“Praise your children, it will increase their self-esteem and improve their behavior.” Well, at least that’s the message we hear on the street. In reality though, not all praise is equal. Some praise can actually interfere with your child’s success. It can actual contribute to your child’s failure. Yes, you read that right. Parents can ruin their child with praise. Let me explain four ways that praise that can ruin your child.
1. Praising children for global attributes like intelligence or ability sets them up for failure. This global praise (“You are so smart,” “You certainly are talented,” or “You are one great kid”) tends to create children who are extremely image-conscious and performance-oriented. They want to “look the part” of the “smart/good/talented kid.” To fall short of that label through a less than perfect performance would lead to embarrassment. To avoid that embarrassment, they may choose easier tasks or simply drop out of challenging tasks rather than face the stress of potential failure.
2. In addition, the child who receives global praise will seek constant approval while working on a task. The global praise of being a “smart/good/talented kid” prevented them from developing the internal motivation to enjoy completing a task for the sake of doing it. Instead, they need the constant motivation of outside approval. Without constant reassurance and encouragement, this child will avoid challenges and run from healthy risks. By time they get to college, they may just as soon drop a challenging class rather than risk being a “smart kid” who only earns a “B.” Global praise has taught them well. Unfortunately, it has taught them to “look good” and avoid any mistakes at the expense of growing through challenging tasks.
3. Praising global attributes of our children also teaches them that image, appearance, is the top priority. One way to maintain a praiseworthy image is to tear other people down. As a result, this child may become overly competitive. In the midst of competitiveness, they ridicule their peers in order to maintain their own “praiseworthy image.” They belittle and demean others in an effort to build themselves up and assert their own praiseworthy status as the “smart/talented/good” child.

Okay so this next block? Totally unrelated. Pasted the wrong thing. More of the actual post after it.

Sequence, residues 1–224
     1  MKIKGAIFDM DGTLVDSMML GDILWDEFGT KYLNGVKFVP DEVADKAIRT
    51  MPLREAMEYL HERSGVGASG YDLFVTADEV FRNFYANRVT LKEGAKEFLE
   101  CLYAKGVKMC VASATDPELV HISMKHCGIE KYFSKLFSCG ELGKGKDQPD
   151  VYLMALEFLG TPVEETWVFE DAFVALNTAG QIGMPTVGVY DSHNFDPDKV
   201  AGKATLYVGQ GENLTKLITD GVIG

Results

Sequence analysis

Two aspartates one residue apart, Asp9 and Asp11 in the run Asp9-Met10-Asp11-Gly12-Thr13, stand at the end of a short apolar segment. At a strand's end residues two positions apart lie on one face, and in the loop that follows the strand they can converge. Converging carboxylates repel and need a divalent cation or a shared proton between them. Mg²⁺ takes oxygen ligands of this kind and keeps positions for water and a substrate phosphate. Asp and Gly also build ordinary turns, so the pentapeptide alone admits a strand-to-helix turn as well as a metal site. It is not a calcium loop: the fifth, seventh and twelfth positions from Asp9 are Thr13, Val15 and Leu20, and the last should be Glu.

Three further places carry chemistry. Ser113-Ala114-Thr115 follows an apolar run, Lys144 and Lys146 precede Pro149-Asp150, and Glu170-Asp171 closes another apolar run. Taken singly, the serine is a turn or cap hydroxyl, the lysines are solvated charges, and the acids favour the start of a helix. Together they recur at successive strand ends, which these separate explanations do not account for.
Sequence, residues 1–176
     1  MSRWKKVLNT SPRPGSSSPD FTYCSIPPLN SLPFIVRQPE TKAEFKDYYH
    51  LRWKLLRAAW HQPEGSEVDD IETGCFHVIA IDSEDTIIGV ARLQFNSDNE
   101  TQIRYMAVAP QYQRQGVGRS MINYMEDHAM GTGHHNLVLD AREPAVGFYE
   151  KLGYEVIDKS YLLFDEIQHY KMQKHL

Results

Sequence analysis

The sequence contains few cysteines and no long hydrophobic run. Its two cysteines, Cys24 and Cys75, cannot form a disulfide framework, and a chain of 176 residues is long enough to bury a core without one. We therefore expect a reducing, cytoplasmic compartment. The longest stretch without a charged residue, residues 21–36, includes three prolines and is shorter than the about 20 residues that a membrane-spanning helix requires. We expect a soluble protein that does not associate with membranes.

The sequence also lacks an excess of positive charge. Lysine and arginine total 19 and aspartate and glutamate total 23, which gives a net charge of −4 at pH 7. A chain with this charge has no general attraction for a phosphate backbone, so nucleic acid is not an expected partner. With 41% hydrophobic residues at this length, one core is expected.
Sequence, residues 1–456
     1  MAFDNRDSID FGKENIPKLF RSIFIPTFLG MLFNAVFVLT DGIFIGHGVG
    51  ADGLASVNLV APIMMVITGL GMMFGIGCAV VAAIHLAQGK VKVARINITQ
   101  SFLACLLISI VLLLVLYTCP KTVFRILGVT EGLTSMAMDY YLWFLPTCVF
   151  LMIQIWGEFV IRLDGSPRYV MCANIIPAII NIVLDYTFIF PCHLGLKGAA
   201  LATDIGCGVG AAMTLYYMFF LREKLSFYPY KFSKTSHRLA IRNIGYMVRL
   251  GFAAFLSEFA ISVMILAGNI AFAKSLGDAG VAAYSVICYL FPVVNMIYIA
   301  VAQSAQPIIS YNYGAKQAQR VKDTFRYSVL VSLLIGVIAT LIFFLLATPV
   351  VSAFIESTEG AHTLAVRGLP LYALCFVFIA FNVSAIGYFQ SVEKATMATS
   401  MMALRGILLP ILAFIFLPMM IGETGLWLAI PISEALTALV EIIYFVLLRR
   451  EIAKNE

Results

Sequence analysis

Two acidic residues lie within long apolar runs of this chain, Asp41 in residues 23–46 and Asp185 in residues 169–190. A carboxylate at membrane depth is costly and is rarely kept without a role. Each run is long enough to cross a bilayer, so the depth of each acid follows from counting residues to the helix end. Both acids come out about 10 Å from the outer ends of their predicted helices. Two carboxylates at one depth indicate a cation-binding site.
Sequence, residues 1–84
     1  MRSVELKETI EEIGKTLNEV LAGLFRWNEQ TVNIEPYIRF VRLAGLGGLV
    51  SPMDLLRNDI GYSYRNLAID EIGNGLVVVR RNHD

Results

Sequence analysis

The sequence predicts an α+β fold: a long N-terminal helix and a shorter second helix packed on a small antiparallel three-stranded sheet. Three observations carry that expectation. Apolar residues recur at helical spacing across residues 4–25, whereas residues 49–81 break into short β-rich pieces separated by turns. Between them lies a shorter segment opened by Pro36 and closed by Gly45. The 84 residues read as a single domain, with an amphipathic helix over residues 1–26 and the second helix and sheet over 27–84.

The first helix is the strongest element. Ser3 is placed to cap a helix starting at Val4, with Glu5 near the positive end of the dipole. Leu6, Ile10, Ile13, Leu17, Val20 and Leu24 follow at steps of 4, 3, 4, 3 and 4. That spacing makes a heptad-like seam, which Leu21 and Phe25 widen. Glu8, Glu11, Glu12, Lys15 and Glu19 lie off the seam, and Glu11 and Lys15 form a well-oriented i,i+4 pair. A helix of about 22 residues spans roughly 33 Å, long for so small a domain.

4. Giving a child excessive praise sets them up for failure as well. Excessive praise distorts a child’s motivation, encouraging them to perform just to hear the praise of others. The child who receives excessive praise needs praise every step of the way. They never develop a sense of autonomy or independence. Instead, they constantly look to their teachers and parents for affirmation and assurance in the form of praise. Take away the praise and they quit performing as well. Without praise, they cannot persist in their task. Even more disturbing, they do not learn to engage in an activity or task simply for the sake of personal enjoyment. They have no intrinsic satisfaction or motivation.
Praising children for global attributes may create a child afraid of risk, avoiding of challenges, in constant need of approval and reassurance, and demeaning of others. Don’t get me wrong, though. I love praise. I do believe that we need to praise our children. Praise is effective and motivating…when done properly. Next week we will learn 4 secrets to making praise effective and motivating for your child.